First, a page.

From its start, Internationalist Perspective (IP) has believed in the importance of revolutionary theory, because, in our view, the communist revolution can only be a conscious act of social transformation, not something the working class stumbles into unconsciously, driven automatically by crisis and calamity. But we also believed that revolutionary theory is not a finished product, that it is not a pre-existing program that has to be merely assimilated and applied. Both misconceptions were and are present in the traditional Communist Left, the political current within which our group originated. We still identify with the Communist Left, with its fight against the degeneration of the Second and Third Internationals, with its unwavering defense of revolutionary positions even in the worst of times. However, some came to believe that theory is irrelevant because the working class will simply be compelled by economic conditions to overthrow capitalism, while others claimed that revolutionary theory is essentially finished and merely needs to be absorbed by the class. It was this latter view which in 1985 led to a split between those who would form IP and the organization they were then a part of, the Internationalist Communist Current (ICC). In that year, the ICC adopted the position that “class consciousness” was different from “consciousness of the class”, that Marxist theory embodied the first, and that it would require an ever larger army of militants to spread the first into the second. This dogma was not to be challenged, and those who did were literally shown the door.
So it was in the first place our view of revolutionary theory which distinguished us from the group we separated from. In fact, at first we called ourselves the “External Fraction of the ICC” (EFICC) to indicate that we did not distance ourselves from the platform of the ICC, but from its view of revolutionary theory, and the consequences it drew from it. Indeed, since that theory, for the ICC, was a done deal, its focus was, and is, how to expand as an organization in order to better accomplish the task of spreading it. Discussions took place on the basis of that paramount objective, but there was no patience for those who found the theory wanting, who saw the need to question it, to critique and develop it. The further evolution of the ICC amply illustrates the sad consequences of such a calcified view of theory.
In contrast, the first thing we said about our project in the summary of our positions on the back cover of our magazine was that we based ourselves on Marxism, but as “a living theory, one that can go back to its sources, criticize them, and develop hand in hand with the historical social trajectory.” And also: “IP does not aim to bring to the class a finished political program, but rather to participate in the general process of clarification that unfolds within the working class.”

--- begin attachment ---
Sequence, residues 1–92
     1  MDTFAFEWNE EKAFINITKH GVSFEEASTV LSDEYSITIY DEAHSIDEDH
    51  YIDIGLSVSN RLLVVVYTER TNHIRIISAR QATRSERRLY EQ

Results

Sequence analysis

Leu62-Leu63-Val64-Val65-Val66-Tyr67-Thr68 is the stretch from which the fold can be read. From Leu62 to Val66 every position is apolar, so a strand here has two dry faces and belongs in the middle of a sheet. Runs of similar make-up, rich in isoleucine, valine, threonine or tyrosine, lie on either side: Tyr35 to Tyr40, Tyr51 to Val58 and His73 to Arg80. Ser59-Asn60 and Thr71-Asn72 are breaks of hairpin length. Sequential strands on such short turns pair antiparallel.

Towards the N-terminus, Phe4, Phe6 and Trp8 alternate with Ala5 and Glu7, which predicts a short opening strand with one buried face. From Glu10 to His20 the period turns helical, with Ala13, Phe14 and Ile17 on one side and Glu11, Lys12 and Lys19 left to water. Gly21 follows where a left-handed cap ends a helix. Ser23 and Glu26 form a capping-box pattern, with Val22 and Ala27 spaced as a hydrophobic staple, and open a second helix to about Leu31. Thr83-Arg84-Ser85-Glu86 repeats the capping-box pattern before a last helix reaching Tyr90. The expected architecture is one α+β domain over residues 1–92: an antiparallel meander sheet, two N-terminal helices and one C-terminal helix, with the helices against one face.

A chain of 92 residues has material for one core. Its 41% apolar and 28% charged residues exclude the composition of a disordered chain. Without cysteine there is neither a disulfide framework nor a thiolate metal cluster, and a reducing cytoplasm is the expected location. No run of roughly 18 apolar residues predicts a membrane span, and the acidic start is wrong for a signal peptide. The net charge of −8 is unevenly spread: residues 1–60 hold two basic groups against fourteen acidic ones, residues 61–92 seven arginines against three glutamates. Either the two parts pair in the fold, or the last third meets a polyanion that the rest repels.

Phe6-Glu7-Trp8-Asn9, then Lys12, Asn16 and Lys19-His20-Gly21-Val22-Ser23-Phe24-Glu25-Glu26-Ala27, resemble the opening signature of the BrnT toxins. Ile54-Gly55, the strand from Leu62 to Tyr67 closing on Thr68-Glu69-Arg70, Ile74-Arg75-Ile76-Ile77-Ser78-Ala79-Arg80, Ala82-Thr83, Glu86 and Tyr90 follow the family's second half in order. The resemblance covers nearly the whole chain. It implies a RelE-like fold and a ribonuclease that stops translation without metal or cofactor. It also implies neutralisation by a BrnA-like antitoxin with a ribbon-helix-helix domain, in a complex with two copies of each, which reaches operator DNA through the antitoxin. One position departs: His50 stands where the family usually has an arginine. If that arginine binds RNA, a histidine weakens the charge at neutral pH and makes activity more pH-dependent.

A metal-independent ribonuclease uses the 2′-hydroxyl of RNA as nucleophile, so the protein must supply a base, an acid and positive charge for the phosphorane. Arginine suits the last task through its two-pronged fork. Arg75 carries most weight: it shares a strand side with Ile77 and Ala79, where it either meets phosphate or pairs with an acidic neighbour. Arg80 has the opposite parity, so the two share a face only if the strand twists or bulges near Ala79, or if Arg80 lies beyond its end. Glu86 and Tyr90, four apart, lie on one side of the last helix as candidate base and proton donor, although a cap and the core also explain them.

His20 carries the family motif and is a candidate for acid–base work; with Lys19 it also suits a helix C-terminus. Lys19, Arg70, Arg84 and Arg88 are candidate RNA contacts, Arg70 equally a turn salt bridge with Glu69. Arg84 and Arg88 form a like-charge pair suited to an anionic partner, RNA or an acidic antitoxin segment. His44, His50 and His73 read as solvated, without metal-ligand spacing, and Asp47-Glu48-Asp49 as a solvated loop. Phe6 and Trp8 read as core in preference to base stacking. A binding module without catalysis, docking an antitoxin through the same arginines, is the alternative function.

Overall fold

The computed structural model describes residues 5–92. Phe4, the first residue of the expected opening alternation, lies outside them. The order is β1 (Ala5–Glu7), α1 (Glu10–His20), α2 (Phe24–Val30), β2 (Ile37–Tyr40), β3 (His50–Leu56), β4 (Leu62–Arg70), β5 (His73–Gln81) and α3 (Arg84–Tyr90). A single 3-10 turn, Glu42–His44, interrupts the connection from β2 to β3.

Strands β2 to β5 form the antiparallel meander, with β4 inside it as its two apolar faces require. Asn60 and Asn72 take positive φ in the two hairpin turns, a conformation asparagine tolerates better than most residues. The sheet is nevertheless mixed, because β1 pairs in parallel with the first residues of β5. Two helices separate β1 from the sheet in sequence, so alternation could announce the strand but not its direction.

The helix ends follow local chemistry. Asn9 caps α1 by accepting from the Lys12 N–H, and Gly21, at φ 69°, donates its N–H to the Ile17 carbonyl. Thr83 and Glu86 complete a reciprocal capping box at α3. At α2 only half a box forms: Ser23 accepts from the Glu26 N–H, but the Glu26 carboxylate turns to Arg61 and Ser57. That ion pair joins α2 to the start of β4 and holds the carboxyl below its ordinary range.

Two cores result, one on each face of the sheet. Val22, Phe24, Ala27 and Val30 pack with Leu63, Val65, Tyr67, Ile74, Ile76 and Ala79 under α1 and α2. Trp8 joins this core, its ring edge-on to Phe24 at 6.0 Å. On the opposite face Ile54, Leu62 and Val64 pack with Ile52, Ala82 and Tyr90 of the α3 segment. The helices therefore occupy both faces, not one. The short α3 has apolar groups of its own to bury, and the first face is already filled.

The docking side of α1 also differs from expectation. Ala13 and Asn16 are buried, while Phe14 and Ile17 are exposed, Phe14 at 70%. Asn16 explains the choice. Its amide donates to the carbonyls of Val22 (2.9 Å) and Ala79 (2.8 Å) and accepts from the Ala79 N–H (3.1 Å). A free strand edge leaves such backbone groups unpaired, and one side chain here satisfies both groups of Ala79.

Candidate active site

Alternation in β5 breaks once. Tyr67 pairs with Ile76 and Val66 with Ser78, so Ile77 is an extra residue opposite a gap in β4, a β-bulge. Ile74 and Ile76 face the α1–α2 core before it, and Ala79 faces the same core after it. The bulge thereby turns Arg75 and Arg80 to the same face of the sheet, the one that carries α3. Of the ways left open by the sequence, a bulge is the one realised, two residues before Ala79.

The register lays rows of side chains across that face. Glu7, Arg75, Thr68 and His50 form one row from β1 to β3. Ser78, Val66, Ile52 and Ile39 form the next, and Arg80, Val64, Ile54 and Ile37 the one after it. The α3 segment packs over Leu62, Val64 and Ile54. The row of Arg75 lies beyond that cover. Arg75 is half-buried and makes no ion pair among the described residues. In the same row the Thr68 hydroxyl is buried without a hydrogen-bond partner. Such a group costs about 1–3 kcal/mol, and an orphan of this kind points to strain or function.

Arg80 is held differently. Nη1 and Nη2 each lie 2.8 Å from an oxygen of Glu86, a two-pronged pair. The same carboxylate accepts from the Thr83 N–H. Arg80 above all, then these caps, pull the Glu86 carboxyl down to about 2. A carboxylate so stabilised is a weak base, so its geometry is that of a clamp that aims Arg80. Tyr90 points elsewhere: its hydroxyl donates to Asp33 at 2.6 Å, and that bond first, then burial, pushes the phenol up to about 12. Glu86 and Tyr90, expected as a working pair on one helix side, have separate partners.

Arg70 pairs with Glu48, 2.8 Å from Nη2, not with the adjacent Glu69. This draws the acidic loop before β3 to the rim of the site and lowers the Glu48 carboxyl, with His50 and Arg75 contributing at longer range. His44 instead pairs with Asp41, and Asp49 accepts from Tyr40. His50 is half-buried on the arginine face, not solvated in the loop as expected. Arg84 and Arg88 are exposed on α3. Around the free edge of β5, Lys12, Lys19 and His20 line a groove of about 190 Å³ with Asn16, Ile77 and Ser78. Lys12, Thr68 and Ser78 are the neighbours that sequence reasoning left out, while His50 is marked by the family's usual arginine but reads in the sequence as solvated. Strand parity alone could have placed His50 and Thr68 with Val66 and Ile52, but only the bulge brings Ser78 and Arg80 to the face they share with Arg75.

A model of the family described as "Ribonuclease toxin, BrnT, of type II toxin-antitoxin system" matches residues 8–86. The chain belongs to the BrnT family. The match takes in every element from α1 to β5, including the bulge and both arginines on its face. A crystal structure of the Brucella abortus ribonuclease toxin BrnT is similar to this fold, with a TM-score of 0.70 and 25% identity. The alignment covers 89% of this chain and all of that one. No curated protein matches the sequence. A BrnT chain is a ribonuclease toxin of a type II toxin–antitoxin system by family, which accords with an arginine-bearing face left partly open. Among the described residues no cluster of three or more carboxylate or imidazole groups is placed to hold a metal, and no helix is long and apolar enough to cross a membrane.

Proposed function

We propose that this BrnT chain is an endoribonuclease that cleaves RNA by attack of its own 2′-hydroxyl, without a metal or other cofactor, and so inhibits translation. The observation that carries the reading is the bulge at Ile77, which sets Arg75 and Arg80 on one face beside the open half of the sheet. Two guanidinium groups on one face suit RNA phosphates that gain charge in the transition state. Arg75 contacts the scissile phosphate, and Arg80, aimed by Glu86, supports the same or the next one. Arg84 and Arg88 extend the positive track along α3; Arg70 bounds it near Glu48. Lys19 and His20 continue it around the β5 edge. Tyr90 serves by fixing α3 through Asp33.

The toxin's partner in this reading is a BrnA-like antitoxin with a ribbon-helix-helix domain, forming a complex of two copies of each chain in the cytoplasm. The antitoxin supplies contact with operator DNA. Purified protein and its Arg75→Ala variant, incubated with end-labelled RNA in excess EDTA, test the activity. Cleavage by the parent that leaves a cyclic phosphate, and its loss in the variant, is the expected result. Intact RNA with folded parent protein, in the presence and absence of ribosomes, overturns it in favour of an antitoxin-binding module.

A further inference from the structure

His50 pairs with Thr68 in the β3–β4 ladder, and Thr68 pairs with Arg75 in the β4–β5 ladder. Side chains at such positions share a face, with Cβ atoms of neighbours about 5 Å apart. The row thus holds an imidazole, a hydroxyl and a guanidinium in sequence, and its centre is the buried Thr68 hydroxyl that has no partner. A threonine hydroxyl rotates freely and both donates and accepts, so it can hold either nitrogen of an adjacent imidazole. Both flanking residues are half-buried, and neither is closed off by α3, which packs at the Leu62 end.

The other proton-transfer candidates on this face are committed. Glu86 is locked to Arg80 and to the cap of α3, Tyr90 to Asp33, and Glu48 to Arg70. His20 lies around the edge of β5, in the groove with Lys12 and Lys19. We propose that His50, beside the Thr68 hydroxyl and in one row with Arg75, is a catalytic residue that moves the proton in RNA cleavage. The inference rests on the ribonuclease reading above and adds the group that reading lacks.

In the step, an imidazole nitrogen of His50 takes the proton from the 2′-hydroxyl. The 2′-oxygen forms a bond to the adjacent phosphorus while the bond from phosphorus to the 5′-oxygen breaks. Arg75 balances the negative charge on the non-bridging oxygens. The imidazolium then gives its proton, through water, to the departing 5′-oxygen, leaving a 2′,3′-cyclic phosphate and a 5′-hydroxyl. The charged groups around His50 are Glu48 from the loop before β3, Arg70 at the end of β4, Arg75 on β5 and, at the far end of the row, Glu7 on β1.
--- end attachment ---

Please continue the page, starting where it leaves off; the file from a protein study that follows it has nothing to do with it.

For us, that process of clarification requires the development of theory which can only occur through discussion, confrontation of divergent positions, questioning what has been taken for granted, being open to new ideas, deepening our analysis of the ever-changing political, economic and social conditions. From the start it was clear to us that this was not our task alone and therefore we oriented ourselves to other pro-revolutionary groups and individuals, inviting them to debate, prodding them to abandon sectarian and competitive practices. We emphasized that, for this debate to be fruitful, any form of intimidation must be abhorred, arguments based on authority (of Marx or whomever) don’t count, and of course, violence or the threat thereof is totally unacceptable. Developing theory means deepening our understanding of reality. Therefore, it must be informed by the study of reality, of history as well as current conditions. But it also must be informed by intuition and experience, of daily life and participation in struggles. Theoretical issues are always also political issues; theory and political praxis are integrally connected. IP rejects the approach of theory as standing outside of politics, as well as the view that separates theoretical work from the praxis of one’s own life.
This approach of our theoretical task led us away from our starting point, the ICC platform, whose theoretical flaws became increasingly clear to us. Therefore we abandoned the name External Fraction of the ICC and adopted the name of our publication. In 1994, we published a text called “The World as We See It: Reference Points,” which summarized our overall analysis, informed by the actual changes in society and the critical theoretical work we had done so far. But that work had not yet gone deep enough to rid ourselves of vestiges of the mechanical, determinist framework of traditional Marxism, and we still had to discover some of the crucial insights of Marx, such as his understanding of commodity fetishism, which, for “traditional Marxism,” are merely inconsequential abstract notions. Most of the theoretical work IP has done happened after we wrote the Reference Text of 1994. Besides our own efforts ( in studying and developing crisis-theory, in analyzing the restructuring of capital and the re-composition of classes, state-capitalism, the trajectory of capital, the history of class struggle, etc) we were greatly helped by getting to know texts Marx wrote later in life which until quite recently were unpublished, by the development of pro-revolutionary Marxist theory outside the traditional communist left (such as Wertkritik and the Communisateurs), by research and analysis of non-Marxists, and by the means provided by the internet to debate and communicate.
We think our understanding of reality has deepened. The text we wrote in 1994 is no longer an adequate presentation of “The world as we see it.”Therefore we have written a new reference text. All members of IP have contributed to it and we have discussed it thoroughly. Yet we don’t see this as a finished text. We are aware that so much work remains to be done, especially in regard to the processes of consciousness, in finding the weak points of reification.